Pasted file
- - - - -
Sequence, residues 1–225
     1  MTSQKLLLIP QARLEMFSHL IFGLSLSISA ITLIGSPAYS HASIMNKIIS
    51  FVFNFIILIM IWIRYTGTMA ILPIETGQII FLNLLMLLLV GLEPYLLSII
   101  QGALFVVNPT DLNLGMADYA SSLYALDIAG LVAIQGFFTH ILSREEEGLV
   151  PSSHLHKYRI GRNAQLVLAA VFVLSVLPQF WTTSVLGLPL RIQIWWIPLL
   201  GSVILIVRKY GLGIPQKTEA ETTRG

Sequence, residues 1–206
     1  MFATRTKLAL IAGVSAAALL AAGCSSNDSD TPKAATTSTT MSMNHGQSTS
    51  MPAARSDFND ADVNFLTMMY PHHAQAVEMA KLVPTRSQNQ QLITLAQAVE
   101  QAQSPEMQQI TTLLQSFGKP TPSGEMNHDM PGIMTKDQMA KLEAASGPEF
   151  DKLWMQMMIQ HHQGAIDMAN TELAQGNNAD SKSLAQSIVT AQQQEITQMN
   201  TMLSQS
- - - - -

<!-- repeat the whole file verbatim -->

Sequence, residues 1–225
     1  MTSQKLLLIP QARLEMFSHL IFGLSLSISA ITLIGSPAYS HASIMNKIIS
    51  FVFNFIILIM IWIRYTGTMA ILPIETGQII FLNLLMLLLV GLEPYLLSII
   101  QGALFVVNPT DLNLGMADYA SSLYALDIAG LVAIQGFFTH ILSREEEGLV
   151  PSSHLHKYRI GRNAQLVLAA VFVLSVLPQF WTTSVLGLPL RIQIWWIPLL
   201  GSVILIVRKY GLGIPQKTEA ETTRG

Sequence, residues 1–206
     1  MFATRTKLAL IAGVSAAALL AAGCSSNDSD TPKAATTSTT MSMNHGQSTS
    51  MPAARSDFND ADVNFLTMMY PHHAQAVEMA KLVPTRSQNQ QLITLAQAVE
   101  QAQSPEMQQI TTLLQSFGKP TPSGEMNHDM PGIMTKDQMA KLEAASGPEF
   151  DKLWMQMMIQ HHQGAIDMAN TELAQGNNAD SKSLAQSIVT AQQQEITQMN
   201  TMLSQS